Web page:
Coxiella burnetii, an obligate intracellular bacterial pathogen that causes Q fever, undergoes a biphasic developmental cycle that alternates between a metabolically-active large cell variant (LCV) and a dormant small cell variant (SCV). As such, the bacterium undoubtedly employs complex modes of regulating its lifecycle, metabolism and pathogenesis. Small RNAs (sRNAs) have been shown to play important regulatory roles in controlling metabolism and virulence in several pathogenic bacteria. We hypothesize that sRNAs are involved in regulating growth and development of C. burnetii and its infection of host cells. To address the hypothesis and identify potential sRNAs, we subjected total RNA isolated ...


The Community Economic Impacts Of Large Wildfires: A Case Study From Trinity County, California, Emily Jane Davis, Cassandra Moseley, Max Nielsen-Pincus, Pamela J. Jakes Jun 2014

The Community Economic Impacts Of Large Wildfires: A Case Study From Trinity County, California, Emily Jane Davis, Cassandra Moseley, Max Nielsen-Pincus, Pamela J. Jakes

Environmental Science and Management Faculty Publications and Presentations

Wildfires are increasing in severity and frequency in the American West, but there is limited understanding of their economic effects at the community level. We conducted a case study of the impacts of large wildfires in 2008 in Trinity County, California, by examining labor market, suppression spending, and qualitative interview data. We found that the 2008 fires had interrelated effects on several economic sectors in the county. Labor market data indicated a decrease in total private-sector employment and wages and an increase in public-sector employment and wages during the summer of 2008 compared to the previous year, while interviews captured ...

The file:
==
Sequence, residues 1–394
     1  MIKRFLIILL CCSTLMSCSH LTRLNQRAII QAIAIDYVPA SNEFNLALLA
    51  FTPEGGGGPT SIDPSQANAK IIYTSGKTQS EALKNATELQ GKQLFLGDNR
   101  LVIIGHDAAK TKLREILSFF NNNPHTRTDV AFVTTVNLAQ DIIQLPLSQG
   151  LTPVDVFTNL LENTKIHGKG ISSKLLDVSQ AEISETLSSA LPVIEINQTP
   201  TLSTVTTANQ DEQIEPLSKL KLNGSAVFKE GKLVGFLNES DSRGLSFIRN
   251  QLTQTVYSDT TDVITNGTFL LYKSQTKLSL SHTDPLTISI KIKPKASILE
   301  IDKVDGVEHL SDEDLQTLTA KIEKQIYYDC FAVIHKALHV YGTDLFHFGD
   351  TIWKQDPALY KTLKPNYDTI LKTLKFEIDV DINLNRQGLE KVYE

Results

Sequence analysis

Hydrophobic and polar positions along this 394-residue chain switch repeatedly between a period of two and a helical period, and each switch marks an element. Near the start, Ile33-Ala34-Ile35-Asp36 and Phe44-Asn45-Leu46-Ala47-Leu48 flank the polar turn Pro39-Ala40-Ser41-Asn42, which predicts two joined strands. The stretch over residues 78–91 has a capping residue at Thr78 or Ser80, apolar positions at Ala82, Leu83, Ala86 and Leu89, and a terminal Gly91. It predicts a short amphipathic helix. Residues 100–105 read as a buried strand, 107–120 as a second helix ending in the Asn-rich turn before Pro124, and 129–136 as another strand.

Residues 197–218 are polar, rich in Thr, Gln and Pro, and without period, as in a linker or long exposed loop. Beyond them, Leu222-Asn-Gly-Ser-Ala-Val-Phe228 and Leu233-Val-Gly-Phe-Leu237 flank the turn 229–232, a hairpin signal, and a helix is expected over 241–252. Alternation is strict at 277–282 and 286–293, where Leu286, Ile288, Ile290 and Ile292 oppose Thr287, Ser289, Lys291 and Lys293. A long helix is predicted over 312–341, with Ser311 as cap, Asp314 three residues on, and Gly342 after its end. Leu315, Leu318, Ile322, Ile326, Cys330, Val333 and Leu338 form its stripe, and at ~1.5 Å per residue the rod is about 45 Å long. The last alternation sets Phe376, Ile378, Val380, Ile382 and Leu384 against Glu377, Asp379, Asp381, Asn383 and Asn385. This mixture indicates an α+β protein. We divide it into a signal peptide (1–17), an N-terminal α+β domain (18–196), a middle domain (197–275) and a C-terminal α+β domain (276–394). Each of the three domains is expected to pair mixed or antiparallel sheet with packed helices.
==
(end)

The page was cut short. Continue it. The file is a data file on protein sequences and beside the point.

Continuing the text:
Candy Flavorings In Tobacco, Jessica E. Brown, Wentai Luo, Lorne M. Isabelle, James F. Pankow May 2014

Candy Flavorings In Tobacco, Jessica E. Brown, Wentai Luo, Lorne M. Isabelle, James F. Pankow

Chemistry Faculty Publications and Presentations

Professor James F. Pankow reveals striking similarities between the patterns in the flavoring chemicals used in flavored tobacco products and those in popular candy and Kool-Aid products. The authors analyzed 12 artificially flavored candy and fruit drink products and compared them to 15 widely-available flavored tobacco products. They found significant overlap in the chemical signatures of the flavor chemicals. Several of the tobacco products contained flavor chemicals at much higher concentrations than in the non-tobacco products.


Variation In Sex Allocation And Floral Morphology In An Expanding Distylous Plant Hybrid Complex, Jennifer Rhode Ward, M. Leigh Cowart, Julie Clifford, Mieko Camp, Mitchell B. Cruzan Apr 2014

Variation In Sex Allocation And Floral Morphology In An Expanding Distylous Plant Hybrid Complex, Jennifer Rhode Ward, M. Leigh Cowart, Julie Clifford, Mieko Camp, Mitchell B. Cruzan

Biology Faculty Publications and Presentations

Premise of research. Sex allocation, the relative energy devoted to producing pollen, ovules, and floral displays, can significantly affect reproductive output and population dynamics. In this study, we investigated floral morphology and gamete production in bisexual, distylous plants from a self-incompatible hybrid complex (Piriqueta cistoides ssp. caroliniana Walter [Arbo]; Turneraceae). Sampling focused on two parent types (C, V) and their stable hybrid derivative (H). Since H morphotypes are heterotic for growth and fruit production, we hypothesized that they would produce larger flowers with more gametes. We also anticipated that plants with long styles (long morphs) would produce less pollen than ...


Assessing The Homogenization Of Urban Land Management With An Application To Us Residential Lawn Care, Colin Polsky, J. Morgan Grove, Chris Knudson, Peter M. Groffman, Neil D. Bettez, Jeannine Cavender-Bares, Sharon J. Hall, James B. Heffernan, Sarah E. Hobbie, Kelli L. Larson, Jennifer L. Morse, Christopher Neill, Kristen C. Nelson, Laura A. Ogden, Jarlath O'Neil-Dunne, Diane E. Pataki, Rinku Roy Chowdhury, Meredith K. Steele Mar 2014